CTP, Portugal’s Tourism Confederation, has made a desperate appeal to the government. Either it expands its support to the sector, or there’ll be nothing to save.
With zero reservations in sight, fixed costs continuing and the wounds of a 2020 in which business fell to levels unseen since the 1970s, the alternative to reinforced aid will without a shadow of a doubt see the country “plunged into a crisis no-one wants”.
Thousands of jobs hang in the balance.
The CTP appeal comes as the European Central Bank has published data to show Portugal is the 3rd country within the eurozone that has spent the least in combating the pandemic ‘crisis’.
The only countries spending less have been Finland and Spain (and Spain’s figure is lower than it should be because many of the support measures have been financed by regional and not central government. Say economists, this actually under-estimates Spain’s economic response).
The reason Portugal has spent comparatively ‘little’ in terms of support, stems entirely from the state of the country’s debt pre-pandemic, writes esquerda.net. But this hasn’t stopped countries like Italy and Greece (with even more public debt) responding more robustly.
And ‘robust measures’ are what the CTP say are needed.
The confederation wants layoff extended (so that companies can keep workers on the payroll) and ‘reinforcement’ of the ‘Apoiar’ (Support) programme.
As a statement published yesterday attested: “We no longer have any reserves to cover fixed costs that remain”.
The industry has “no business, and there is no sign of recovery in the short-term”.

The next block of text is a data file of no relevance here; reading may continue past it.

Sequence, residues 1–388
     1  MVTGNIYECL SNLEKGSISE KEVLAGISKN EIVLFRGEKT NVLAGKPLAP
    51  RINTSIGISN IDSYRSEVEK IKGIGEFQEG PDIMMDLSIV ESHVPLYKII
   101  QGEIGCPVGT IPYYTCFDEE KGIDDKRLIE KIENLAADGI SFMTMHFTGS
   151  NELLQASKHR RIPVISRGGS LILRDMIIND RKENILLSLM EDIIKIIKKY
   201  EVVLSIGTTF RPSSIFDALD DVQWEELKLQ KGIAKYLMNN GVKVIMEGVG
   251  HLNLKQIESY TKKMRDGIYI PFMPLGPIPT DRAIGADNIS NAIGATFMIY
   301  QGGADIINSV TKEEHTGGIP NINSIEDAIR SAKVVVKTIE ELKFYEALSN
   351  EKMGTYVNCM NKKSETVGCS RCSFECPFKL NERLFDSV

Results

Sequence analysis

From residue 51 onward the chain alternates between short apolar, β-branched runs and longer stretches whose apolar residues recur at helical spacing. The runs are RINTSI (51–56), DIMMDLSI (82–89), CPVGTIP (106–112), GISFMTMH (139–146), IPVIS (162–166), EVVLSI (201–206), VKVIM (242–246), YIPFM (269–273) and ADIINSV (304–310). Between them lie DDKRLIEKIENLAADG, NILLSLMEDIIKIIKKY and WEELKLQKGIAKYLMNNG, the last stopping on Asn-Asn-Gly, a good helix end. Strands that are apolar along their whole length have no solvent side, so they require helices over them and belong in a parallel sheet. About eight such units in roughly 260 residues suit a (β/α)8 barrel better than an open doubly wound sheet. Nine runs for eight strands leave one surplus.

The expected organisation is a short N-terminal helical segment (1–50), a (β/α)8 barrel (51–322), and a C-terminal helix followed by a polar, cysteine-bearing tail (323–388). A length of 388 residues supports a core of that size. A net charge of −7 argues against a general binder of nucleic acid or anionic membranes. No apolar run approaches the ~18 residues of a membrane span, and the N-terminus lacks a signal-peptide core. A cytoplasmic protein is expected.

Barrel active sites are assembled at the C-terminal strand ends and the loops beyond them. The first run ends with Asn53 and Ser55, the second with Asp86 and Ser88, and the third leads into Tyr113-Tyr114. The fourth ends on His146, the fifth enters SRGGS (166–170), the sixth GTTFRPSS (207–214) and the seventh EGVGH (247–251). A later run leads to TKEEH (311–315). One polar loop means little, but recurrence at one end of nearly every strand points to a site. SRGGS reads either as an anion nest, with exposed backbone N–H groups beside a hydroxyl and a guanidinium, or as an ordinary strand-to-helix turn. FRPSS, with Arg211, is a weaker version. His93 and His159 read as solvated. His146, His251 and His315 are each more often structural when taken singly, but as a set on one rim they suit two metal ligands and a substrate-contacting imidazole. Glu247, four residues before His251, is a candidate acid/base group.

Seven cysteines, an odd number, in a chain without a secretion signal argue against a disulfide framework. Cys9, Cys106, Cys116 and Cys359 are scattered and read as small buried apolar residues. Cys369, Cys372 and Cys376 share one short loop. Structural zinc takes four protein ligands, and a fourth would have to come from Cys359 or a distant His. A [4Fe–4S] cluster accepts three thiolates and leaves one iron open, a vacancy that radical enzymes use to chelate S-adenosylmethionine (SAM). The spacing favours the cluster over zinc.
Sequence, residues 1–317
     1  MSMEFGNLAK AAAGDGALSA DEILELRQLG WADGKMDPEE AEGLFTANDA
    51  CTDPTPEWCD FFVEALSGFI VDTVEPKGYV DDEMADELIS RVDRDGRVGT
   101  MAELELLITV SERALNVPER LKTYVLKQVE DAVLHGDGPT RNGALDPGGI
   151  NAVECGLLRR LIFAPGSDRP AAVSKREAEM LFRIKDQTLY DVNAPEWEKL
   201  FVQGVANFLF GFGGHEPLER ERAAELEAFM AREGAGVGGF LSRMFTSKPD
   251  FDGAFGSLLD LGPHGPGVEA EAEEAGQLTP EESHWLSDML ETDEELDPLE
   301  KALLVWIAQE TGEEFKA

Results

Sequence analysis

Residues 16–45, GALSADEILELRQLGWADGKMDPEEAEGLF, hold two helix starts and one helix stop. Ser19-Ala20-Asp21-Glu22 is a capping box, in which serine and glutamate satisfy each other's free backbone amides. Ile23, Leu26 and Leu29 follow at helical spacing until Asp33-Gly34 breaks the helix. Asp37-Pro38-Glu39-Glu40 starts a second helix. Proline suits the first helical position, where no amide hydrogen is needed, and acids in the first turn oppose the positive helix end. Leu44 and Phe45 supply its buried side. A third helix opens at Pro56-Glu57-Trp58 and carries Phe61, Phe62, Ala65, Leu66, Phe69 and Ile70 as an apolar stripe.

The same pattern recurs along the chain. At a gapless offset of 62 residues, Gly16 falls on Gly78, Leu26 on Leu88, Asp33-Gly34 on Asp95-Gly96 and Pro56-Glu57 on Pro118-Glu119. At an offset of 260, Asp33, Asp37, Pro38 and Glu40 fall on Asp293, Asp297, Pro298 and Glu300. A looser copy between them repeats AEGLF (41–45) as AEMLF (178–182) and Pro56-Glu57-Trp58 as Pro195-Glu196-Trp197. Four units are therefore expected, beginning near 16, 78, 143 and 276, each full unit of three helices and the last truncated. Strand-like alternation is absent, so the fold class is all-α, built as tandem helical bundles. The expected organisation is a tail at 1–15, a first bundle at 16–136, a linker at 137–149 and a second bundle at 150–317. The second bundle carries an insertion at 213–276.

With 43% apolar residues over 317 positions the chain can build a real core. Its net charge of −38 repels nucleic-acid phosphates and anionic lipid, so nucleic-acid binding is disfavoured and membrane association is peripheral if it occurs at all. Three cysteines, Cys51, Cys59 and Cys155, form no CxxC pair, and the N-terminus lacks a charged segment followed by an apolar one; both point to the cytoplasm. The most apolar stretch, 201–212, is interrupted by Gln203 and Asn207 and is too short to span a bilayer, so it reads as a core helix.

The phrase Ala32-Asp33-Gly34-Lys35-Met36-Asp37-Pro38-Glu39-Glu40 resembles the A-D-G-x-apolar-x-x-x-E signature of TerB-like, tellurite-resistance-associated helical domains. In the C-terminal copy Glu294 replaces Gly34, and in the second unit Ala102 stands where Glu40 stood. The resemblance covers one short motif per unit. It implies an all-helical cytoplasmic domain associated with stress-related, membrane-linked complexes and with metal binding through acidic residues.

CTP president Francisco Calheiros told Público the situation “gets worse every day. If we don’t act fast there won’t be any businesses left to save, thousands of jobs will be destroyed, plunging the country into a crisis no-one wants”.
The confederation’s hopes pin on the government widening purse strings and ‘helping tourism companies independent of their dimension’.
Regarding layoff, the regime should be kept up until the end of the year (currently it is due to expire at the end of June (click here) and “widened to accommodate all businesses that have lost revenue and business volume, regardless of whether they are administratively closed or not”, says the CTP, giving a wishlist of measures that include increasing moratoria on credit and payments to the State.
AHRESP, the association of hoteliers and restaurateurs, has also called this week for extensions to credit lines, stressing that with the country “in full confinement and our economic activities closed, it is a matter of urgency that credit lines contracted through 2020 are extended” on the basis that without this extra help “thousands of businesses” will simply go to the wall.
Meantime, national statistics published recently show that in the first 11 months of 2020, overnight stays in tourism brought in €1.4 million, representing a 65.7% drop on figures for the same period in 2019.
As to ‘exports’ in terms of money coming in from foreign tourists, figures published by the Bank of Portugal have shown a fall of 55.8% to €7,67 billion for the same period. Says Público, this translates into the balance between exports and imports remaining positive, but having “shrunk by 61% to €4.8 billion (with negative effects on the global trade balance)”.